Euchre (pronounced 'you-ker') is a trump-based, trick-taking card game that has been played in the U.S. since the early 1800's. Although the early games were played using 32-card deck, created by removing the 2's through 6's from a standard 52-card deck, today the standard euchre deck has 24 cards as the 7's and 8's are also removed. This leaves the ace through nine of each suit. Each player is dealt five cards, with four cards remaining undealt. The goal in this addictive game is to defeat your opponents by being the first team to reach 10 points. Points are made by taking at least three out of five possible tricks in a hand.
Euchre is enjoyed by millions of people throughout the world. In some social circles it is considered the only card game. Whether you play casually among friends or seriously in the many tournaments held around the country, you will find it to be a fascinating and challenging game. It is also an ideal way to meet people and make new friends.
Although the rank of the cards is somewhat difficult to understand at first, euchre is a fairly easy game to learn. The more you play, the more you realize the challenging nuances. As your skill level gradually increases, the game becomes even more intriguing.
I've been playing competitive euchre for the last few years and have met many wonderful people from all over North America. I have always been one that tries to share my knowledge with others, and it is from my love of this game and my desire to help others improve their game that I present this series of lessons. Each lesson builds on the previous one. Some of the strategies and plays presented here may contradict what you have been told in the past. Some may even seem like they cannot possibly work. Whatever your reaction to these concepts may be, I ask only that you try them. All of them have been proven to increase your chances of winning. The overall aim is to increase your ability to read the cards and other players, and become a better player yourself. By the end of this course you will have a much better understanding of the game, and will also be able to compete with players at any level, and have a much better chance of winning.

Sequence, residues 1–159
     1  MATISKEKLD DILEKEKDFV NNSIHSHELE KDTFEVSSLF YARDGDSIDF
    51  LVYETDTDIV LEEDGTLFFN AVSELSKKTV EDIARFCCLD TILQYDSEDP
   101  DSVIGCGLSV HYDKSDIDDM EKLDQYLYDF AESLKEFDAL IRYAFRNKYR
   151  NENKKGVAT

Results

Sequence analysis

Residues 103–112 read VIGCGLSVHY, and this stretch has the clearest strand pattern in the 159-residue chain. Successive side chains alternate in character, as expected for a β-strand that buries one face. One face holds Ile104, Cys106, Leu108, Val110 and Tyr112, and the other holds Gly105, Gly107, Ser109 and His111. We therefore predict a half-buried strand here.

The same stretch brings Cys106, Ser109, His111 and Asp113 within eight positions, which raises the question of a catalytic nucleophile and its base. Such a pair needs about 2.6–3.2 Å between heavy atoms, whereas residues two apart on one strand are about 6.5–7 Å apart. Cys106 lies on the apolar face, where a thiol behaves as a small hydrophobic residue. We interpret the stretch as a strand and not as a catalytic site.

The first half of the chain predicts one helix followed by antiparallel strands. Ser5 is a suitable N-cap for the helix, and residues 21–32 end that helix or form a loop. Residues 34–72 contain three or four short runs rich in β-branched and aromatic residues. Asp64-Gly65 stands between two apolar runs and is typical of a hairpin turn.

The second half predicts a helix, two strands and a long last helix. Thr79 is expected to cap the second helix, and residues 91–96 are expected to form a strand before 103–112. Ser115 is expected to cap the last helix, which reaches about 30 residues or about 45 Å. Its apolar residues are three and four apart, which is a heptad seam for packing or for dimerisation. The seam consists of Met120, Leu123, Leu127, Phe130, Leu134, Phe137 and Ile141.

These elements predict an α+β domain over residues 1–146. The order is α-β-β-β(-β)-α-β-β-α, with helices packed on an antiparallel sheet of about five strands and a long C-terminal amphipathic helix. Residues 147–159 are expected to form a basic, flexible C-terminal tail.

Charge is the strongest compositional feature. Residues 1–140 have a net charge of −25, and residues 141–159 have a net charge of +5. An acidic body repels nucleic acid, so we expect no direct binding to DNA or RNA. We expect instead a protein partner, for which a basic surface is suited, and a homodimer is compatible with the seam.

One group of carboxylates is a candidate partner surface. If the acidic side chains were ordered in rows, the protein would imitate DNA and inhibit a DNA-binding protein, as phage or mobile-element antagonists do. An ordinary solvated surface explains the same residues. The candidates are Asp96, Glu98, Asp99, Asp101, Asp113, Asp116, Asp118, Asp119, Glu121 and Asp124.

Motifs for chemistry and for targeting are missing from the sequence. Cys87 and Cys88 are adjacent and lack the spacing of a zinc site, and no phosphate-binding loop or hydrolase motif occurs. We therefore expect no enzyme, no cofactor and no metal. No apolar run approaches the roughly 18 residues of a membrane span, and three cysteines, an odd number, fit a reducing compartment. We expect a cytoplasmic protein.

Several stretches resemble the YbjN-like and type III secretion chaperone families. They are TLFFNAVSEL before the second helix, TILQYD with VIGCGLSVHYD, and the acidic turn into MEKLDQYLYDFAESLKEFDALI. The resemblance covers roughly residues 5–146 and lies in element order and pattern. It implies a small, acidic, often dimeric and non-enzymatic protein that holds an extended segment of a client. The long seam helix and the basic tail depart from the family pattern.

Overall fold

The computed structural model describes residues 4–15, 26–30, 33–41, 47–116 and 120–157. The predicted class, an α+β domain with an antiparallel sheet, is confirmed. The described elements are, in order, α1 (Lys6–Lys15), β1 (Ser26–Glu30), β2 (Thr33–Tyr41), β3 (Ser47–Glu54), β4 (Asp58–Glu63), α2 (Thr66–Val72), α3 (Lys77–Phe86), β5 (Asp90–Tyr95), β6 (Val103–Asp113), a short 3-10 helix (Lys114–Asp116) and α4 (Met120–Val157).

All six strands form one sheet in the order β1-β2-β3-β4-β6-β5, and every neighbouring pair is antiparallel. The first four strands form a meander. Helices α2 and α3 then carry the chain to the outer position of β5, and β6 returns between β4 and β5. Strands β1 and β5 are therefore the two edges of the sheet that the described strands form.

To get the most out of this course you should pick a quiet time of the day when you are able to focus on the information given. Most people find it best to do only one lesson every other day. Re-reading the prior lesson before starting the next is also helpful. It may also help to read a lesson before going out and playing in live games. By practicing these principles you will gain insight into better methods of play. As the lessons progress,it may also be helpful to have a euchre deck handy so that you can lay out the hands.
At the end of each lesson there is a set of multiple choice questions to help reinforce what you have learned.
You will need to be a member to be able to check and see if your answers are correct.
Membership is FREE and only takes a couple of minutes.
Join Ohio Euchre, Click here.
At the bottom of each lesson is a section where you can ask questions. All questions and their answers will be available for everyone to see and benefit from. Please ask questions whenever there is something you don't understand, or anything you may need a little more help with.
A while back I was involved in what was almost a 'heated discussion' regarding euchre. An old time euchre player (with 50 years experience) was trying to tell the group that a suited Ace - King - Queen are all equal and it makes no difference which one you lead. Well, viewing the three cards from his hand I would agree it makes no difference. But to their partner, a Queen lead means the Ace and King are out there somewhere. They (correctly) think they should trump the Queen to save it from being overtaken by the Ace or King. A King lead would have the same meaning. The correct play is always to lead an ace.
In this same conversation he informed us of the correct way to signal his partner on what suit to lead back. (on a trick where he could not follow suit) He suggested that the correct play is to throw off the King to tell partner he has the Ace. The trouble here is that this leaves the partner having to guess whether the King is the only one in his hand, if it came from an Ace-King set, or if came from a King-Queen set. The partner has a 1 in 3 chance of guessing right. If, however, the old-timer throws off the Ace, to his partner it could only mean he has the King or he can trump that suit.
Most euchre players learned the game from their elders, who only played within a small circle of people. In today's world of high-speed internet, on-line euchre games and nationwide euchre tournaments, much has changed. Euchre players are exposed to a much wider group. Collectively this large group has advanced the play of the game considerably. There are methods of play used today that many old-timers would never think of. Among these are going are "alone at 8 points" and "donating or blocking to protect a lead". There are other plays such as "the end play", "leading through the bidder" and many more that we will talk about.
In the following lessons we will cover these new methods.
It is my hope that you will enjoy these lessons, maybe learn a few new tricks, and most importantly have fun beating you opponents.
Join our world wide community of euchre enthusiasts. We have a new area where you can get to know each other, ask questions, post event listings and more.